Companies are foraying into renewable energy to help save the planet, and hydrogen is getting a lot of attention.
GAIL Chairman and MD Manoj Jain told, as mentioned by Business Today, GAIL will be laying pipeline infrastructure to connect consumption centres to gas sources while also boosting its renewable energy portfolio. The company will foray into hydrogen generation, and it is looking to acquire assets to augment the renewable portfolio. In the firm’s latest annual report, Jain said that the global energy sector is seeing a paradigm shift in recent years as the world is shifting to a sustainable energy future.
Apart from GAIL, the Indian Oil Corporation said that it will build India’s first “green hydrogen” plant at its Mathura refinery. The company’s chairman Shrikant Madhav Vaidya said that the firm is pushing ahead with research on carbon capture, utilisation, and storage technologies — space where it is looking for global collaboration to meet its Paris climate goals.
We know about hydrogen energy, and how it is helping us better the environment. But what is green hydrogen?
Meet Green Hydrogen
Green hydrogen is created via a chemical process known as electrolysis. This method utilises an electrical current to separate the hydrogen from the oxygen in water. If this electricity is obtained from renewable sources, we will, therefore, produce energy without emitting carbon dioxide into the atmosphere. This is one of the three main types of hydrogen, and the other two are Grey Hydrogen, and Blue Hydrogen.
Grey hydrogen is the most common form of hydrogen, and it is created from fossil fuel, and the process releases carbon dioxide, which is not captured. Blue hydrogen uses the same process as grey, but here, the carbon is captured, and stored. This makes it a much more environmentally friendly option, but it comes with added technical challenges, and a huge increase in cost. Think tanks and green hydrogen advocates argue that blue hydrogen goes against the goals, and principles of net-zero, and being more expensive than green hydrogen in the medium term, writes Brunel Global.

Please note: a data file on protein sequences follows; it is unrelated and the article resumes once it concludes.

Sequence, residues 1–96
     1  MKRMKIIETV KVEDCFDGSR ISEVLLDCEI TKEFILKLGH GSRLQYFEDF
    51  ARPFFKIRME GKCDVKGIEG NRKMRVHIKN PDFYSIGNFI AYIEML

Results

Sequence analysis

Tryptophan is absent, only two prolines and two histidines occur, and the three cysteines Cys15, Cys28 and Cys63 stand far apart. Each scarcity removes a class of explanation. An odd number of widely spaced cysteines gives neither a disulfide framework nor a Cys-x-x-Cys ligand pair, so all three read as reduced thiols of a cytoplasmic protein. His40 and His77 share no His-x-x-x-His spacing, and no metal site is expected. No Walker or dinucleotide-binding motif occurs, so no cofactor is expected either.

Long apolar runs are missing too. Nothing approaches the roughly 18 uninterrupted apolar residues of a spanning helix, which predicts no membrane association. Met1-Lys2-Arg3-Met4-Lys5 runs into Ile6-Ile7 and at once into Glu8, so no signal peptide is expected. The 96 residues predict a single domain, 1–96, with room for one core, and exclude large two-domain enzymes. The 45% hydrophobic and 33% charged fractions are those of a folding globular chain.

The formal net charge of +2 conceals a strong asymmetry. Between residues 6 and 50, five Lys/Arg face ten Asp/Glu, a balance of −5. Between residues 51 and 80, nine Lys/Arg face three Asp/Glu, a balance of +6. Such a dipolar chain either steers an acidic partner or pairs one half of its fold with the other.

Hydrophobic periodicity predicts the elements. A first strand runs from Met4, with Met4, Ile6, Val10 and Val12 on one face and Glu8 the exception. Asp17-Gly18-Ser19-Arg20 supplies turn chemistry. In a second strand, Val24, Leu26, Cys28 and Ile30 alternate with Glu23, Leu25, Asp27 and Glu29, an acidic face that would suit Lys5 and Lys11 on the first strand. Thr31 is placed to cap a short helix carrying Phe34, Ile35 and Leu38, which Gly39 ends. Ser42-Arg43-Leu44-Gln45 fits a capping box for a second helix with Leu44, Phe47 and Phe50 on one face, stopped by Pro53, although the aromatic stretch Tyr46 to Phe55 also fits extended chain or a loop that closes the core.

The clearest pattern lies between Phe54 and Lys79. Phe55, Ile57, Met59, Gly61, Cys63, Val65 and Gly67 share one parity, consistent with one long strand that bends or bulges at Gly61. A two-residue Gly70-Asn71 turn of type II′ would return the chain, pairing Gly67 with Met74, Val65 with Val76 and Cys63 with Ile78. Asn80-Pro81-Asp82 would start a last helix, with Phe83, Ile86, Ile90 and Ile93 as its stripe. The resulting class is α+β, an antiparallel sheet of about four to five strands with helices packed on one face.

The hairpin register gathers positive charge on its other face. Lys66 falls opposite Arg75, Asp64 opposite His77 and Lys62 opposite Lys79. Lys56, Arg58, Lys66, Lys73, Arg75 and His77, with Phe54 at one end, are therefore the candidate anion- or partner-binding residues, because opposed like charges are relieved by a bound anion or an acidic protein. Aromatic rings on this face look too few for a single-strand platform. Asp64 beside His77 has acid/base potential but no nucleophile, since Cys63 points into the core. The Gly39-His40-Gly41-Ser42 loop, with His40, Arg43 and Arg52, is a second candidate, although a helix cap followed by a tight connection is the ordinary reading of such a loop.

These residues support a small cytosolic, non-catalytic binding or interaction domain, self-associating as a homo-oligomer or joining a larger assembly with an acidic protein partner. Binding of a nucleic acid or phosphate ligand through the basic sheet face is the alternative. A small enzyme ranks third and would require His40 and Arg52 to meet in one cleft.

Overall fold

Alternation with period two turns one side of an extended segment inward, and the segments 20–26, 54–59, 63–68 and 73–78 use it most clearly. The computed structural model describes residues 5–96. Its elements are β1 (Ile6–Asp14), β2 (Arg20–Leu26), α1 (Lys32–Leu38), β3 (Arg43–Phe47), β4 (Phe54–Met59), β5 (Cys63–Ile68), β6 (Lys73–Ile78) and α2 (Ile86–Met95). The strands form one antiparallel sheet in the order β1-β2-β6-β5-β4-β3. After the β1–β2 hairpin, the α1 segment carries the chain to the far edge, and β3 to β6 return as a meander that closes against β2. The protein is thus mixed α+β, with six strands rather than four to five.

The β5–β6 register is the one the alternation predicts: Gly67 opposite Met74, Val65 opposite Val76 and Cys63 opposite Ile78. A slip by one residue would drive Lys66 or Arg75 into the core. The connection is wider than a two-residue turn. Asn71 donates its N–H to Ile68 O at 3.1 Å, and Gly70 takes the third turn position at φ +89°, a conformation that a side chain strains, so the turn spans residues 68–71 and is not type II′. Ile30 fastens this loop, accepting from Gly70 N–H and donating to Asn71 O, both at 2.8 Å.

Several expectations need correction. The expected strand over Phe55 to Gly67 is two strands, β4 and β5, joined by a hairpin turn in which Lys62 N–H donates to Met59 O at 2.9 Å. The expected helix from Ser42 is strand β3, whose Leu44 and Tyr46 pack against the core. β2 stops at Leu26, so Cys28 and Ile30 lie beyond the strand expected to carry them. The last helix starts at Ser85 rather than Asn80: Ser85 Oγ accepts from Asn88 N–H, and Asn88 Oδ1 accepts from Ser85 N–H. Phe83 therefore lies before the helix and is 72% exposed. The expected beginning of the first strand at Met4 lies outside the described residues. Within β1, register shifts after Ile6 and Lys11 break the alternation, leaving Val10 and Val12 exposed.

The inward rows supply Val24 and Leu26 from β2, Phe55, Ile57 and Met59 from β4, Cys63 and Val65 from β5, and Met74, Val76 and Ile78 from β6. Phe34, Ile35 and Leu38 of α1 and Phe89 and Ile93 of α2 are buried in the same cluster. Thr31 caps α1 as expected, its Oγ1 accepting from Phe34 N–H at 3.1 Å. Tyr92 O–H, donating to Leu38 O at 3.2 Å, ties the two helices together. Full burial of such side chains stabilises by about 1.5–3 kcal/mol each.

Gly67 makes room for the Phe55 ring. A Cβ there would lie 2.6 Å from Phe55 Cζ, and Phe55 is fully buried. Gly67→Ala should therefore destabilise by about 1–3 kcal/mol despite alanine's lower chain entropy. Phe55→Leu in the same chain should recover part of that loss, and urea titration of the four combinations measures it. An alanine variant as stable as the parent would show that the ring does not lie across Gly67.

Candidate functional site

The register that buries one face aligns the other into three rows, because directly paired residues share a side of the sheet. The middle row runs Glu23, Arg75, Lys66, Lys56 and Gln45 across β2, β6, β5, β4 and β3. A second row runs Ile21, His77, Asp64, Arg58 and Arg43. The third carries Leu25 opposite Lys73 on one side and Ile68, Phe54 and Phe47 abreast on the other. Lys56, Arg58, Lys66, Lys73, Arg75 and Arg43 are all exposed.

Why Is It Better?
Green hydrogen can be produced wherever there is water, and electricity to generate more electricity or heat. Green hydrogen can be used in industry, and can be stored in existing gas pipelines to power household appliances. For example, it can transport renewable energy when converted into a carrier like ammonia, a zero-carbon fuel for shipping.
Hydrogen can also be used with fuel cells to power anything that utilised electricity, like electric vehicles, and electronic devices. A hydrogen fuel cell is two to three times more efficient than an internal combustion engine fuelled by gas.
According to Bloomberg, Chinese investors see potential for further gains in firms making equipment required to produce or use green hydrogen. The article also said, that the sector has until now provided a haven from government crackdowns on technology, and education companies that China blames for worsened inequality, and raising financial risk.
Li Weiqing, fund manager at JH Investment Management, told Bloomberg, “Hydrogen power is one of the ultimate solutions to achieve net-zero emissions.” He added that, the sector will get “heavy policy support.” The sector is benefitting as local governments, which include Beijing and Inner Mongolia, are introducing strategies, which are aimed at cultivating green hydrogen companies to show compliance with net-zero targets.
Apart from China, the European Union will be investing $430 billion in green hydrogen by 2030 to help achieve the goals of its Green Deal. U.S President Joe Biden has promised to use renewable energy to produce green hydrogen that costs less than natural gas. The Department of Energy is putting up to $100 million into the research and development of hydrogen, and fuel cells.
In The End
The green hydrogen sector will continue to grow, as more companies are looking to invest in this technology, as they want to reduce their carbon footprint. According to IHS Markit, investment in green hydrogen production is set to surpass $1 billion a year by 2023, with the costs of both renewable power, and electrolyser technology decline, and governments introduce supportive policies. A McKinsey study estimates that by 2030, the U.S. hydrogen economy could generate $140 billion, and support 700,000 jobs. A TERI report said that green hydrogen demand is projected to rise five-fold in India by 2050, with the cost more than halving by 2030.
Green hydrogen could supply up to 25% of the world’s energy needs by 2050, and become a $10 trillion addressable market by 2050, according to Goldman Sachs. So, the market is huge, and we might be seeing more oil, and fossil fuel companies shift their focus towards the production of clean energy.
Green hydrogen can play a crucial role in boosting the decarbonisation efforts, especially in industrial, transport, and power sectors. Meanwhile, the main focus of companies, and governments is to lower the cost of hydrogen production, and commercialising green hydrogen. So, governments across the world has to devise strategies to make sure that green hydrogen becomes available in the near future, so that they can reach net-zero emissions, and save the planet from crumbling.